1. Is Russia headed for default?
It’s unclear. A key test came on March 16 with confusion around $117 million in coupon payments due that day on two dollar-denominated government bonds; the fund managers said two days later that they had received the funds. The process has drawn attention to clearing houses, correspondent banks, paying agents and custodians who normally handle transfers out of the public eye. The March 16 payments had a 30-day grace period – a buffer that gives the payer the chance to resolve any technical issues – so there were initial fears that a so-called sovereign default could occur as early as April 15. The default took place in 1998, when shock waves from the Asian debt crisis and falling oil prices caused Boris Yeltsin’s government to write off about $40 billion in domestic debt. If Moscow fails to meet its foreign obligations, it would be the first time since 1918, after the Bolshevik Revolution.
2. What are the obstacles?
The hurdles include a freeze of around half of Russia’s foreign exchange reserves and the cautiousness of US banks as they seek to ensure they will not fall under sanctions against Russian billionaires. In the days following the invasion, Russia’s biggest companies were still paying their obligations in foreign currencies, including energy giants Gazprom PJSC and Rosneft PJSC. However, it has not been so easy for other companies. Severstal PJSC has become the first Russian company to run out of time to pay interest on its foreign currency debt since the start of the war in Ukraine, after Citigroup Inc. blocked the deal. This posed the risk that some creditors would call a default. Additionally, a US sanctions waiver that allowed financial intermediaries to process bond payments will expire in May, posing new legal hurdles.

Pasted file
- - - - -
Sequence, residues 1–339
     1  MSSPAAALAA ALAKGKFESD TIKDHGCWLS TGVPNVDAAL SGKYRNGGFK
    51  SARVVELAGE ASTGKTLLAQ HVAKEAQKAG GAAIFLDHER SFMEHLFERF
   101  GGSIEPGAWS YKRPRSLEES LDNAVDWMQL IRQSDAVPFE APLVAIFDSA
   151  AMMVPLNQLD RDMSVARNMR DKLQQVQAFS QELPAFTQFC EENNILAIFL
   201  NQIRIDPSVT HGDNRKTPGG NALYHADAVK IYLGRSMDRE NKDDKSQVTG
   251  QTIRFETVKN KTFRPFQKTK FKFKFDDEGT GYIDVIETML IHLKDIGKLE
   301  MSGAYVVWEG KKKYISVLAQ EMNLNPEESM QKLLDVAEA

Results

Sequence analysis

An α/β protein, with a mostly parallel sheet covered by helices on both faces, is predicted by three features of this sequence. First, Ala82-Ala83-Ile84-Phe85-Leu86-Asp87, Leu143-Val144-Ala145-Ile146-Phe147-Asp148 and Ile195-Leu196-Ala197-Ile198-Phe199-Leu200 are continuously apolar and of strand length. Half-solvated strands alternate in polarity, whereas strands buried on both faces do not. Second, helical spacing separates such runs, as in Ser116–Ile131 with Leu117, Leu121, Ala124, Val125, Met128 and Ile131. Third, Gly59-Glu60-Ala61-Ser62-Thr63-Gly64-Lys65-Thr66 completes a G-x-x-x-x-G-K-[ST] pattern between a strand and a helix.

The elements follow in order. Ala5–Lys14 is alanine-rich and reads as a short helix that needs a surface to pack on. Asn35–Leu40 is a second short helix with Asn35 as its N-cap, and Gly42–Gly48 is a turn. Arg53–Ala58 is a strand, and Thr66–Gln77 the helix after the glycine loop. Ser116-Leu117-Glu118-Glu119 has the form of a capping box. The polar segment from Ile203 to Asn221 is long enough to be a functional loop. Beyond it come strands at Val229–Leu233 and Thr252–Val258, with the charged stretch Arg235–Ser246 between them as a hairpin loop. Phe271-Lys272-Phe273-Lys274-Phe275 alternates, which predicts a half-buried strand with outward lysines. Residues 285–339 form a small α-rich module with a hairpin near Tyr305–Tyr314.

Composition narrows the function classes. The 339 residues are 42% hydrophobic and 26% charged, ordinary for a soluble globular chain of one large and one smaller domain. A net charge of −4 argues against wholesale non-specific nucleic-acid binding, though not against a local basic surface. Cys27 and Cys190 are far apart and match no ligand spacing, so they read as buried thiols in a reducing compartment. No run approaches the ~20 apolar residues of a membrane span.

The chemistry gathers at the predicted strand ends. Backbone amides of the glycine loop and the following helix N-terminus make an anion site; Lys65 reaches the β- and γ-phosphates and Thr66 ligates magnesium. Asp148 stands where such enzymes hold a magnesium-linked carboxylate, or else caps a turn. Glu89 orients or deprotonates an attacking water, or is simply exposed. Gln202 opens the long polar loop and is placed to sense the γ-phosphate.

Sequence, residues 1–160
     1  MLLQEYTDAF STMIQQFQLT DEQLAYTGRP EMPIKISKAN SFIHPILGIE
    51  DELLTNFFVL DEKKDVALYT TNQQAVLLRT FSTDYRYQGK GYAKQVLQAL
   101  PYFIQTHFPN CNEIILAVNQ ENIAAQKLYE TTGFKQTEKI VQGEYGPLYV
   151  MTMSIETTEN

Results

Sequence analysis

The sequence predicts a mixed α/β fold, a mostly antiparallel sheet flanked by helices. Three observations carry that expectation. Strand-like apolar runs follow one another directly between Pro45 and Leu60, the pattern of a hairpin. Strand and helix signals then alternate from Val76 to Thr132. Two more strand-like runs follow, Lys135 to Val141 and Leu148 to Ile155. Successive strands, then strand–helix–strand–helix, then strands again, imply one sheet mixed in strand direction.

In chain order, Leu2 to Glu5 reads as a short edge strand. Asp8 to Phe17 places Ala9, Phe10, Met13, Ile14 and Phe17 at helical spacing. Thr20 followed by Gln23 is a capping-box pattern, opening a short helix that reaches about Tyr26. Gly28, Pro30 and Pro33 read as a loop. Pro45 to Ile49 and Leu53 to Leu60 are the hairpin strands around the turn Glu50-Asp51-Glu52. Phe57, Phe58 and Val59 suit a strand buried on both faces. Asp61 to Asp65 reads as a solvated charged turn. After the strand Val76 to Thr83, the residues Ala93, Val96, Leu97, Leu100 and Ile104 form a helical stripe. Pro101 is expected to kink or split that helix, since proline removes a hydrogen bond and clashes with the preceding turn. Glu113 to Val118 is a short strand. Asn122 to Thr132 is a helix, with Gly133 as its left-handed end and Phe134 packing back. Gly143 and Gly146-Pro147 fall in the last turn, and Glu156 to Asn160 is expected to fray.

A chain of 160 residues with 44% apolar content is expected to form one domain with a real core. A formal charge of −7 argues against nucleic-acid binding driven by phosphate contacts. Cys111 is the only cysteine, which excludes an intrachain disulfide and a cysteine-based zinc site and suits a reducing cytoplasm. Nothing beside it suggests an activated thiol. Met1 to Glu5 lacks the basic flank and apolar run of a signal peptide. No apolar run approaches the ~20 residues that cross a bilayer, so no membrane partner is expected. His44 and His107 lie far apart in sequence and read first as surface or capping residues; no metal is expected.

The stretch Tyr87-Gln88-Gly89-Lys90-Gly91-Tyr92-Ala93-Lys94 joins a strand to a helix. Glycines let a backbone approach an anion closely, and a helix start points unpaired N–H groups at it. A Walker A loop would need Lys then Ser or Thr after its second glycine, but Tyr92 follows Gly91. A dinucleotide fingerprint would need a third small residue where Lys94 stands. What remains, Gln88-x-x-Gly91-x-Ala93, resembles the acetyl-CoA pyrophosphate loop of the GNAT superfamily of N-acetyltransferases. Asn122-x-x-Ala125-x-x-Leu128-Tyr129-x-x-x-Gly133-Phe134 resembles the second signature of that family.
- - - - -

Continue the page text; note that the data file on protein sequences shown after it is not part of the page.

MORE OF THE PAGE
3. What do Russian officials say?
Russian officials have said they want to honor the obligations, but also that they will pay foreign debt in Russian rubles if sanctions prevent them from paying in dollars or euros. Finance Minister Anton Siluanov said on March 14 that Russia’s freezing of accounts could be interpreted as an “artificial default”. Concern over a default intensified after President Vladimir Putin signed a decree in early March stipulating that creditors from “countries that engage in hostile activities” can only be paid in rubles and set new procedures for ruble accounts. With the United States, the European Union and its allies stepping up sanctions, that means most investors could be paid in Russian currency. Creditors outside “hostile” jurisdictions may be able to receive foreign currency payments with special authorization.
4. Wouldn’t that be a default?
Basically, yes. Paying in a different currency is widely considered a default. Otherwise, the world “would be flooded with Venezuelan bolivars and Argentine pesos,” according to Elena L. Daly, a Paris-based sovereign debt restructuring lawyer.
5. So what’s the confusion?
Mixed messages from Russian officials and gummed up payment systems have left investors uncertain about whether they’ll get paid and take a closer look at the terms of their loans. Six of the government’s dollar- and euro-denominated bonds have what’s called a “fallback option,” which would allow the borrower to pay in other currencies, and in some cases, the rouble.
6. What are the rating agencies saying?